Can Commas, Change Meaning
One of the most difficult punctuation marks to teach, almost certainly, is the comma. Just like anything else, the more one forces his/her brain to think about these rules, the easier it becomes to pull them out of the dusty recesses of the mind when needed.
Below are listed some of the “main comma uses,” as provided in the Third Edition of The Bedford Handbook for Writers.
1. Before a coordinating conjunction joining independent clauses: No grand idea was ever born in a conference, but many foolish ideas have died there.Basically, a good rule to follow is when one has a coordinating conjunction (and, but, or, nor, for, so, and yet), try to replace it with a period and form two sentences. Does it make sense? If it does, then replace the conjunction with a comma immediately preceding it.
My mother sent me to the store to buy milk, and it was on sale.
In the above example, the coordinating conjunction, “and,” can be removed, which forms two independent sentences. My mother sent me to the store is the first independent clause, and it was on sale is the second independent clause. Therefore, there MUST be a comma before the conjunction.
2. After an introductory clause or phrase: If thought corrupts language, language can also corrupt thought. Clauses or phrases which require a comma immediately afterusually tell when, where, how, why, or under what conditions the main action of the sentence occurred. For example, if one were to write, In the summer, the weather is quite warm, a comma after summer is needed. The only time a comma is not required is when there can be no confusion by the reader in the sentence. When John was ready to eat, his cat jumped on the table. Omitting the comma could leave the reader with the impression of a cat-eating man named John.
3. Between all items in a series: All the things I really like to do are either immoral, illegal, or fattening. Sometimes, however, the final comma is omitted. We, who major in Journalism, are taught often that the conjunction (i.e. and, or or but) takes the place of the comma, and therefore it is not needed. You may notice in newspapers that this tends to be the case.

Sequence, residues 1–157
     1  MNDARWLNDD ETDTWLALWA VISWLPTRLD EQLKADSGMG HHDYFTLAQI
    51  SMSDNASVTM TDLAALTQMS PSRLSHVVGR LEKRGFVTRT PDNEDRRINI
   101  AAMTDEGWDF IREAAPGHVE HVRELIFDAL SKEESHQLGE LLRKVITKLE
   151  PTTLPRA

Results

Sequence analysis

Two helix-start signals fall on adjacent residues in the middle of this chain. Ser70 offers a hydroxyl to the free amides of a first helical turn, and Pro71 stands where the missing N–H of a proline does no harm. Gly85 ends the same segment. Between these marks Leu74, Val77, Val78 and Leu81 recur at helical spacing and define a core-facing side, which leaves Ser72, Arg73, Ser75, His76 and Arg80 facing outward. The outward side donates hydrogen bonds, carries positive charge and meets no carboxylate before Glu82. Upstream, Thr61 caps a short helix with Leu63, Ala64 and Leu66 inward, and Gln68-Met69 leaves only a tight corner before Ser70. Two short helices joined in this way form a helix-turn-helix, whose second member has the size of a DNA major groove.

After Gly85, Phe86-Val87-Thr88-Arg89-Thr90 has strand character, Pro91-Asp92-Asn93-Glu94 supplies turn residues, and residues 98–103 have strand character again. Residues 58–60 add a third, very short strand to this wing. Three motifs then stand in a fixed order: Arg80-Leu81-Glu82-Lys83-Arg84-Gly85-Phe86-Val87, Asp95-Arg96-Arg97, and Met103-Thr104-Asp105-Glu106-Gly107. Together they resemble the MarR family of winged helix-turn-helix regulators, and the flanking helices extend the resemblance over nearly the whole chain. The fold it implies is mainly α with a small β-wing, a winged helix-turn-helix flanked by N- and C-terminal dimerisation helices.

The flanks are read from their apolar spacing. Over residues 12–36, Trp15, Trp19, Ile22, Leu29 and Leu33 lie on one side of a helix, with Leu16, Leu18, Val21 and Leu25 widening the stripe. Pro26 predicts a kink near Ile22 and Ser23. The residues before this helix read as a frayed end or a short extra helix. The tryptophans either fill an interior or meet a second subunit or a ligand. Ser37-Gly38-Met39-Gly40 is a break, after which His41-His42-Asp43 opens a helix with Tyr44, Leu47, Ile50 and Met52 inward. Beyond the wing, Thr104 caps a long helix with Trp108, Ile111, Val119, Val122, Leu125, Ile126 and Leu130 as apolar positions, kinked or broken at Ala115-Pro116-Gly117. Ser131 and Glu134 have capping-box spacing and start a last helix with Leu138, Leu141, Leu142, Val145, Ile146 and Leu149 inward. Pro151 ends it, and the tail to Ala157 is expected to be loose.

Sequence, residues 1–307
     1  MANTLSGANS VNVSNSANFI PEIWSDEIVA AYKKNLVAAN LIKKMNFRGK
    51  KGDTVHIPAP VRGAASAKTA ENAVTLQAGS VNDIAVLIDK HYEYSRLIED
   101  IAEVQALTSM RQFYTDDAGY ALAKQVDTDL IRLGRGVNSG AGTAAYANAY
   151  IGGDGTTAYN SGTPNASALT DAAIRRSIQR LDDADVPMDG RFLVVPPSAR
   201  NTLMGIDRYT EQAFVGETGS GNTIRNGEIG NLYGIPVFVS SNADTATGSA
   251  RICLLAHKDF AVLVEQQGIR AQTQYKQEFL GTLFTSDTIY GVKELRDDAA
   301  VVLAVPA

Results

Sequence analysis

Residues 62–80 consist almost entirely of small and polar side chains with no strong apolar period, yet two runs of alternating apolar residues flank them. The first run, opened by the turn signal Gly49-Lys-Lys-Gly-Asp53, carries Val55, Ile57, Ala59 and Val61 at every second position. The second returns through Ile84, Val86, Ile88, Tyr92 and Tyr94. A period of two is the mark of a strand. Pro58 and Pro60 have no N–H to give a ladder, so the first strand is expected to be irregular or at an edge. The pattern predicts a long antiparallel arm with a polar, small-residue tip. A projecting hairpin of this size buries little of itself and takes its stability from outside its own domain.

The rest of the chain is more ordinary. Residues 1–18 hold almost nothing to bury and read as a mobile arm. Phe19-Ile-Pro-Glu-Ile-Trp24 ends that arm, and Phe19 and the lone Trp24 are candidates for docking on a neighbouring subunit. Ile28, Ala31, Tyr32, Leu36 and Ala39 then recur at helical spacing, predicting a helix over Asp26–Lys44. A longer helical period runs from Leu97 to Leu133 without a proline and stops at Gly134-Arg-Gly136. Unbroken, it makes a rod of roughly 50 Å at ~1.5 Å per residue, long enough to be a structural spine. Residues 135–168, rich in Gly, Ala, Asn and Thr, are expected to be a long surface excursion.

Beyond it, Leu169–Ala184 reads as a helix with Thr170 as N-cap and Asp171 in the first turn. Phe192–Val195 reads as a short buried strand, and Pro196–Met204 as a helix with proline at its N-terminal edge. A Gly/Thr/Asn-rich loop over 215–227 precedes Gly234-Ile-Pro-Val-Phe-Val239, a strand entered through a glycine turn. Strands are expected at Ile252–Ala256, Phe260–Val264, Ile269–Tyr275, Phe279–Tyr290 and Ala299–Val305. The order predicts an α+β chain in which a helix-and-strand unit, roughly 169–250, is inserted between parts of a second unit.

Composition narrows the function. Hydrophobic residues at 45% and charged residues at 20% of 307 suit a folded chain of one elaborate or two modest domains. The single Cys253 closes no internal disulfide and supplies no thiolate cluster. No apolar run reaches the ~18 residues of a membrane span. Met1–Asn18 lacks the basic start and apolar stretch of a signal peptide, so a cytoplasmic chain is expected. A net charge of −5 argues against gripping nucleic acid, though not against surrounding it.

4. Between Coordinate Adjectives: There is a mighty big difference between good, sound reasons and reasons that sound good. Our school of thought in this case is that the comma actually can be replaced by the word “and,” and the sentence doesn’t change its meaning. Good and sound are the reasons. Another example is “The bride was blonde, slender and altogether stunning.
5. To set off Nonrestrictive Elements: Silence, which will save me from shame, will also deprive me of fame. When we are adding a phrase of a several words, we need to encapsulate it with commas. If the meaning does not change with the omission of the words within the pair of commas, then it is nonrestrictive. Writing of your only son, his name needs to be surrounded by commas. However, if we write, “social networking strategist Jay Deragon…” we do not need a pair of commas surrounding the name. Why? Because, out of all the people in the world, Jay is not the only social networking strategist.
These are but five rules which guide us to correct comma usage. When in doubt, read the sentence aloud, and put commas where you pause naturally – in most cases. Another option is to hire a professional copywriter or English or Journalism major to proofread what you’ve written.
How ’bout it?
This entry was posted on February 4, 2008 at 9:09 am and is filed under grammar, relationship economy, social networking, The Communications Factors. You can subscribe via RSS 2.0 feed to this post's comments.comment below, or link to this permanent URL from your own site.